When one has backyard fruit trees, there's a moment of use-it-or-lose-it. Since we have a laughably small freezer, and since we had already made plenty of jam, it was clear that we would have to make a batch of plum wine.
Plums -- like grapes -- have a naturally-occurring yeast on their skins. This yeast is perfect for wine-making. Also, it's just so beautiful. Next time you're in a museum, go look at the still life paintings, and really take a moment to marvel over how beautifully the grapes and plums are painted.
What's not so aesthetically thrilling is the process of home wine-making. This is another in my series of uninteresting circular cooking photos. In this case, you're looking at week-old smooshed plums that have just had additional yeast sprinkled over them. Thrilling. I know.
I picked the last of our backyard plums, which weighed exactly ten pounds. We pretty much doubled this recipe (although we didn't wash off the wild yeast on our plums). I dumped the plums and the water into a sterilized bucket and then just smooshed them with my hands. We sloshed the bucket around every day for a week. At the end of the week, we added some champagne yeast. A week after that, we transferred the liquid out of the plastic bucket and into a glass carboy.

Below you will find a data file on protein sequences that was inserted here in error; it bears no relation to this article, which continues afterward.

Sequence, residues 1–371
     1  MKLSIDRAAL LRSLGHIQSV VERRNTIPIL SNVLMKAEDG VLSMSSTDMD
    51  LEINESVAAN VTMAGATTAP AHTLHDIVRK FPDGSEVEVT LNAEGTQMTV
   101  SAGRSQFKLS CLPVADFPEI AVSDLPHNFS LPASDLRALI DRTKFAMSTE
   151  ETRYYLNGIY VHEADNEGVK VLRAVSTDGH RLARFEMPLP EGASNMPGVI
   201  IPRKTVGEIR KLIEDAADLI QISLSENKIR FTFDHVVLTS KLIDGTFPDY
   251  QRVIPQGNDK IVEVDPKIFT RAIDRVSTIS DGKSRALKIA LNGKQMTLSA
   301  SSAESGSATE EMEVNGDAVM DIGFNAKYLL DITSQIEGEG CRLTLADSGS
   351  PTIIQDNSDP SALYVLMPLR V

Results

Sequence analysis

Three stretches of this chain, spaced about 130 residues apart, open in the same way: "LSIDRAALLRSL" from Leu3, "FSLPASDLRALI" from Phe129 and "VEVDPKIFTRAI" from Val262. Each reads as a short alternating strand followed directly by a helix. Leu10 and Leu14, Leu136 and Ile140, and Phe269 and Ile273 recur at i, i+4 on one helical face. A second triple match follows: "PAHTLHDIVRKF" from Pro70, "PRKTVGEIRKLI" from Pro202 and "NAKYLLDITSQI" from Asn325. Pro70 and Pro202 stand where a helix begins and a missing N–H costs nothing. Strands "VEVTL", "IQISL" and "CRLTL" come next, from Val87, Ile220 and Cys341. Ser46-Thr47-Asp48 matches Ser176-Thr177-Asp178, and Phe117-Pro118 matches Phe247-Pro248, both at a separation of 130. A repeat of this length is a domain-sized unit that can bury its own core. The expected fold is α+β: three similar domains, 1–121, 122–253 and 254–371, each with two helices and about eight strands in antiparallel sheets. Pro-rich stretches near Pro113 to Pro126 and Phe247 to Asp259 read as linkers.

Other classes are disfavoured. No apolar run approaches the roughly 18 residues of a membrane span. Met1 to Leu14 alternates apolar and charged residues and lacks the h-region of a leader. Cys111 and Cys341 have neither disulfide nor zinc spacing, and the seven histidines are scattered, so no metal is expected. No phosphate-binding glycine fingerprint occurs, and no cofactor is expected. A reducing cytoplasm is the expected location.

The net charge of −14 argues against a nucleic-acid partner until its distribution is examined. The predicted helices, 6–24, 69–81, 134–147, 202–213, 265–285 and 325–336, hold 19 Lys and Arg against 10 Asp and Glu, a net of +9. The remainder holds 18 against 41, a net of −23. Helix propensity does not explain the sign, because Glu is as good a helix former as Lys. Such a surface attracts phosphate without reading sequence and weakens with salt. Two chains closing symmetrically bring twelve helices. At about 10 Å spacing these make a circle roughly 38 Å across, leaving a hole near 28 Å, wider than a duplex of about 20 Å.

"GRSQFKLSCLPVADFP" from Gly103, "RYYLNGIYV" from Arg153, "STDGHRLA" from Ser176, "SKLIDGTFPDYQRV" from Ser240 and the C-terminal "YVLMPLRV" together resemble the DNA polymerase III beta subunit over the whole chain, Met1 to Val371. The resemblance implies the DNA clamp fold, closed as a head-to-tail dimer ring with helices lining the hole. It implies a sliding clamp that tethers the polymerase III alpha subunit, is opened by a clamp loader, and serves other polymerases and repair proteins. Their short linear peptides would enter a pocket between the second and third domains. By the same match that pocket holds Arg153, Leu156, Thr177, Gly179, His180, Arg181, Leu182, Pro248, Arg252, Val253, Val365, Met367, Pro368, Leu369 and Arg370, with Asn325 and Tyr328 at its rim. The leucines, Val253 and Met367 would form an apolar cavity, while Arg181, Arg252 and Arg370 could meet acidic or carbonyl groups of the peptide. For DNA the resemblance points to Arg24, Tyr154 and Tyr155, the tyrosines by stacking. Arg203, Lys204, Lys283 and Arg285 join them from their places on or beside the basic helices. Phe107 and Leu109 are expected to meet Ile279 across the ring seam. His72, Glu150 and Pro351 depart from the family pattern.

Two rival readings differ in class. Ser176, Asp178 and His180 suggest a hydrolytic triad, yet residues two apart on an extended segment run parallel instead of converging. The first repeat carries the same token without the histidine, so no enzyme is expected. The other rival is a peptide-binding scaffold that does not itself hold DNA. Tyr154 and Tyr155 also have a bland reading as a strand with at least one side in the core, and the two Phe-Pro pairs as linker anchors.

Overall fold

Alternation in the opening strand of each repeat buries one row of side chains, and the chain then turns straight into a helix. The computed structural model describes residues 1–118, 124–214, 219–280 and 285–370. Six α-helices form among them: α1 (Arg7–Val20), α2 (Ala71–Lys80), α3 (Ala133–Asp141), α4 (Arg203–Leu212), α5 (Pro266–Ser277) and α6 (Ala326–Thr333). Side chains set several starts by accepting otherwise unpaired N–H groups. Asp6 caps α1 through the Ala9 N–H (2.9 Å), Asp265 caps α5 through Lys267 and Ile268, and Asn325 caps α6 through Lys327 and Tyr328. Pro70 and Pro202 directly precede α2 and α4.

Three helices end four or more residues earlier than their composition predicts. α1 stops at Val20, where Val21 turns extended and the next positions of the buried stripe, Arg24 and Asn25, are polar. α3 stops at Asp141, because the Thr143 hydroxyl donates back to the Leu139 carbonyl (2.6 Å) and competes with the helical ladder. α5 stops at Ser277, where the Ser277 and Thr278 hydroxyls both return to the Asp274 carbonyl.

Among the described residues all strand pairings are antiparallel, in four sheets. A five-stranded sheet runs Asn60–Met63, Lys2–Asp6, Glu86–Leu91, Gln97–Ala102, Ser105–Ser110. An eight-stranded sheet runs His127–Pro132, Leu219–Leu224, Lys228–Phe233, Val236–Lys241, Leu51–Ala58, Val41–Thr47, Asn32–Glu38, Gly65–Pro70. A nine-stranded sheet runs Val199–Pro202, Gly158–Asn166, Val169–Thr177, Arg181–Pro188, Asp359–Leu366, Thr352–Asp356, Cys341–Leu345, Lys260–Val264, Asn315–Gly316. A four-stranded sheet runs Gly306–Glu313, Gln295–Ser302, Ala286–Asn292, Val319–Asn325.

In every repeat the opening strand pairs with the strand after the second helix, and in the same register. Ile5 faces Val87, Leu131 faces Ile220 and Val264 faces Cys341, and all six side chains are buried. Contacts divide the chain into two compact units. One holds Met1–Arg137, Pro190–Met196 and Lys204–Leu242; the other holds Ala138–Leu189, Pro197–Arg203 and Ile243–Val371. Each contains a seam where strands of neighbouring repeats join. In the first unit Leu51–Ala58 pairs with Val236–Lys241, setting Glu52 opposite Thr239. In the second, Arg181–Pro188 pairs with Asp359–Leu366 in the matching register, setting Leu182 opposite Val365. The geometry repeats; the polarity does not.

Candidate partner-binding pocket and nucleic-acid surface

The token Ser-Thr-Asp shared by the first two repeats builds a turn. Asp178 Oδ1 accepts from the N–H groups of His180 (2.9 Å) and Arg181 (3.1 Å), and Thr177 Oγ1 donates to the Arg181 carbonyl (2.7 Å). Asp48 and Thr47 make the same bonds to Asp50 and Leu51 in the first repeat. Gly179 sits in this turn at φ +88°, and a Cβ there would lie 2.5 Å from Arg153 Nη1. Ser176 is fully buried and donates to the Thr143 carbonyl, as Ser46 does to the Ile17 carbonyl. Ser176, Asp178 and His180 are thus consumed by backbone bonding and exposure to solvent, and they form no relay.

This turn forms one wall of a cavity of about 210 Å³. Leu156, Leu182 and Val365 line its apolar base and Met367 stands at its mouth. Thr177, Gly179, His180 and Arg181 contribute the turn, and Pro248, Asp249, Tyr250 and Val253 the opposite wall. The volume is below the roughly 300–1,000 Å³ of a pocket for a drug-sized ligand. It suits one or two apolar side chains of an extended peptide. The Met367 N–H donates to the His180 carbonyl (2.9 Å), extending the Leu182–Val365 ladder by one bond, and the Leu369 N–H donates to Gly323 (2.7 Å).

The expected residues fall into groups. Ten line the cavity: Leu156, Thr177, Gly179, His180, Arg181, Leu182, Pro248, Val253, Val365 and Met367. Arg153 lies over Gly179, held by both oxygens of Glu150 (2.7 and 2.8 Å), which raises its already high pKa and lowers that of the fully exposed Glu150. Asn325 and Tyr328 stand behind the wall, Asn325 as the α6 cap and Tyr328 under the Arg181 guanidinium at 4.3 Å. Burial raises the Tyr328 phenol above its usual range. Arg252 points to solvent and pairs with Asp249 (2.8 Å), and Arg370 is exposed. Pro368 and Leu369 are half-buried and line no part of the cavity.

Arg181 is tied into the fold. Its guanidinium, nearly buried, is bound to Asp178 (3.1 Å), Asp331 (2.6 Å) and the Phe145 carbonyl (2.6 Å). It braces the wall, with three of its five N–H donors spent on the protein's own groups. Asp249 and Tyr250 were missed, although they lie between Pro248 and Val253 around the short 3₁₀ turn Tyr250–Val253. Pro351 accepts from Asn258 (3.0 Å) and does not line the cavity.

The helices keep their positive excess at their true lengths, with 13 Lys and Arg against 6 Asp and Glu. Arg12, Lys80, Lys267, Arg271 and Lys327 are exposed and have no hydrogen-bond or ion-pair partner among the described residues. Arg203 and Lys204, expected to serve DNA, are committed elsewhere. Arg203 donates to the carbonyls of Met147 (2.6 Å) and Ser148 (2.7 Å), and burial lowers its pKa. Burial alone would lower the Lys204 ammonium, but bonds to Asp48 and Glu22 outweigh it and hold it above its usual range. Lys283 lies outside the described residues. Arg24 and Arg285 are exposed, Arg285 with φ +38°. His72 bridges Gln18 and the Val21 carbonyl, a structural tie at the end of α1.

The wine is an uncanny pink color, and tastes fruity, if a bit raw. We're planning on serving it on the Fourth of July. In the past, we've made plum wine and let it ages for years. Given the tininess of our house, and complete inability to regulate our home's temperature, it seems to make a lot of sense to make wine that we'll drink sooner rather than later.
And speaking of which, if you're among our local readers, you're invited over for the Fourth of July. It's our usual low-key backyard picnic, with professional-grade illegal fireworks provided by my neighbors. This year promises to be out-of-control, with regards to fireworks. The neighbors have been shooting them off since the beginning of June. Let me know if you're stopping by, please!
A Year Ago
I am so busy with work that I write nothing for two months
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